A provisional application is a type of U.S. patent application that is “informal” in the sense that there are no requirements for acceptance. It does not need to have any specific content or formatting and does not need related papers such as an inventor’s oath or declaration. In fact, a provisional application is never even examined by the Patent Office. However, provisional applications are a valuable tool to secure a filing date, providing an applicant one year to file a non-provisional patent application and claim priority to the provisional application. This provides flexibility in a filing strategy, so an applicant can use the additional time to consider whether to proceed with a utility application in the U.S. or abroad. In addition, the invention can be marked “patent pending” once the provisional application is filed.
Because a provisional application is informal, it is a cost-effective way to initiate the patent process. Government filing fees are significantly less than a non-provisional application because there are no examination fees. Attorneys’ fees are also significantly less because there are no requirements for formal drawings or claims. In fact, here at WHIPgroup, we quote flat rate fee options for drafting provisional applications. Having a qualified patent attorney draft a provisional application can significantly reduce overall costs for the patent process because it effectively splits up the cost for a later, non-provisional application.
Another key benefit of a provisional patent application is flexibility. In many circumstances the invention that is initially conceived will not be the invention that is ultimately patented. Therefore, filing a series of provisional applications followed by a non-provisional application within 12 months of the first provisional application is an option to secure the earliest possible filing date, while also covering multiple variations of the invention. There is opportunity to add to or elaborate on the disclosure each time a new application is filed. In addition, an applicant can later choose to file a PCT application, delaying national stage entry fees further, or may even abandon the patent process before incurring significant costs. Provisional applications do not publish, so the applicant can keep the invention secret.
However, it is important that a provisional application adequately describe the invention to provide a priority date. In New Railhead Mfg., LLC v. Vermeer Mfg. Co. and Earth Tool Company LLC, Vermeer and Earth Tool were sued for infringing US Patent 5,899,283 (“the ’283 patent”) directed to a drill bit for horizontal rock drilling. 298 F. 3d 1290 (Fed. Cir. 2002). The ’283 patent claimed priority to a provisional application with two drawings showing an “exploded” view of a drill bit. Neither drawing showed the bit attached and Earth Tool argued the utility application was not entitled to the priority date because the provisional failed to adequately describe the claimed invention having a “drill bit angled with respect to the instrument probe housing.” The court agreed, and the ’283 patent was not entitled to the priority date of the provisional application. As a result, the ’283 patent was found invalid due to the sale of the drill bit more than one year before the filing date of the non-provisional application.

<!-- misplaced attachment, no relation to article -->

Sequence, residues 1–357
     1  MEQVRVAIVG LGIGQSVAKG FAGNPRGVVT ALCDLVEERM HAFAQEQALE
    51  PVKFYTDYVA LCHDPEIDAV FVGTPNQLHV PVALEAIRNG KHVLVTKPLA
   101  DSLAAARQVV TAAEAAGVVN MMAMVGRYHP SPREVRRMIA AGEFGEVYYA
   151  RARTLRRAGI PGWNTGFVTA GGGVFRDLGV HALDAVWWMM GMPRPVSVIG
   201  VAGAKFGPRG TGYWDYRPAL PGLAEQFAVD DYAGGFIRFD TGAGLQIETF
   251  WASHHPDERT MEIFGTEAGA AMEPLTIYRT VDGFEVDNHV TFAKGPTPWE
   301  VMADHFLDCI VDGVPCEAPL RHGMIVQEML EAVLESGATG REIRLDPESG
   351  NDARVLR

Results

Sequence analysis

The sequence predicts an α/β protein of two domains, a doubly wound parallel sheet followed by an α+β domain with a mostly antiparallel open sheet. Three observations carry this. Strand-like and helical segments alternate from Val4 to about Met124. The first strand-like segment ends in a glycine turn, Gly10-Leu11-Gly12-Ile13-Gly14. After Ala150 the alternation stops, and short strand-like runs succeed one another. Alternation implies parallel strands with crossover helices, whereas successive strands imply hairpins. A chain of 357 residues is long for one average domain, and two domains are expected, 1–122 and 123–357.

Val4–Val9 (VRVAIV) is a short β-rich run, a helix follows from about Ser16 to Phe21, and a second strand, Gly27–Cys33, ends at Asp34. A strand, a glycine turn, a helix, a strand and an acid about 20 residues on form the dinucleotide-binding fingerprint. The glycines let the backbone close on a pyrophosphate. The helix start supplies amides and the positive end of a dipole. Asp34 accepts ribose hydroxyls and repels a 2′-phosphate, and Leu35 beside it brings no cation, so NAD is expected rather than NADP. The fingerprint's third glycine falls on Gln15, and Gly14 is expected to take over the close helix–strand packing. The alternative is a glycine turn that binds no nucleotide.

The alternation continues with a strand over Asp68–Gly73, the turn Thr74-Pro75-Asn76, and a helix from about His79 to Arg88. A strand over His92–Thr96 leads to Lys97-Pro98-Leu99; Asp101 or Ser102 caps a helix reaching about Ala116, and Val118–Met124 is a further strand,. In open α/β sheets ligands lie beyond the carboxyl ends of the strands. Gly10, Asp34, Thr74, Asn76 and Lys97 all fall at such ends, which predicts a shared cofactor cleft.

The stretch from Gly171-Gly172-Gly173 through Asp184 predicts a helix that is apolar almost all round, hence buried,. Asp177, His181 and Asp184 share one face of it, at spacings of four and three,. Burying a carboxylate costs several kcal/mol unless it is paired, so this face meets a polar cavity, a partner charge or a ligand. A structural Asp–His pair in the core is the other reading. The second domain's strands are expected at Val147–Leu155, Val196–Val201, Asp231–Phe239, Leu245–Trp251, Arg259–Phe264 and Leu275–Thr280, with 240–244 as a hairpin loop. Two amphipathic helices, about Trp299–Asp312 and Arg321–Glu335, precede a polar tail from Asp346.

Utilizing provisional patent applications is a cost-effective way to seek patent protection and quickly secure a priority date. However, it is important to have sufficient detail in the application for entitlement to a priority claim. Follow these tips to successfully make a provisional application part of your strategy:
Draft at least one claim, which will help identify novelty in the invention;
Prepare at least one complete figure and fully describe it in the specification, which will help to assure that the invention is adequately disclosed; and
Always file a patent application, whether provisional or utility, before publicly disclosing or offering the invention for sale.
WHIPgroup is leading counsel for U.S. and international technology companies. We specialize in patent and trademark law.
By Stephen Ball, Kevin Musco A claim of patent infringement must be brought “in the judicial district where the defendant resides, or where the defendant has committed acts of infringement and has a regular and [Read More…]
Meghan McDermott is a rising 3L at UConn Law. At UConn Law, Meghan is a student associate at the Intellectual Property and Entrepreneurship Law Clinic, an Executive Editor of the Connecticut Law Review, and a member of the [Read More…]
Kevin Musco is a rising 3L at UConn Law. At UConn Law, Kevin is a member of the Intellectual Property & Technology Law Society and an Articles Editor of the Connecticut Law Review. Kevin holds [Read More…]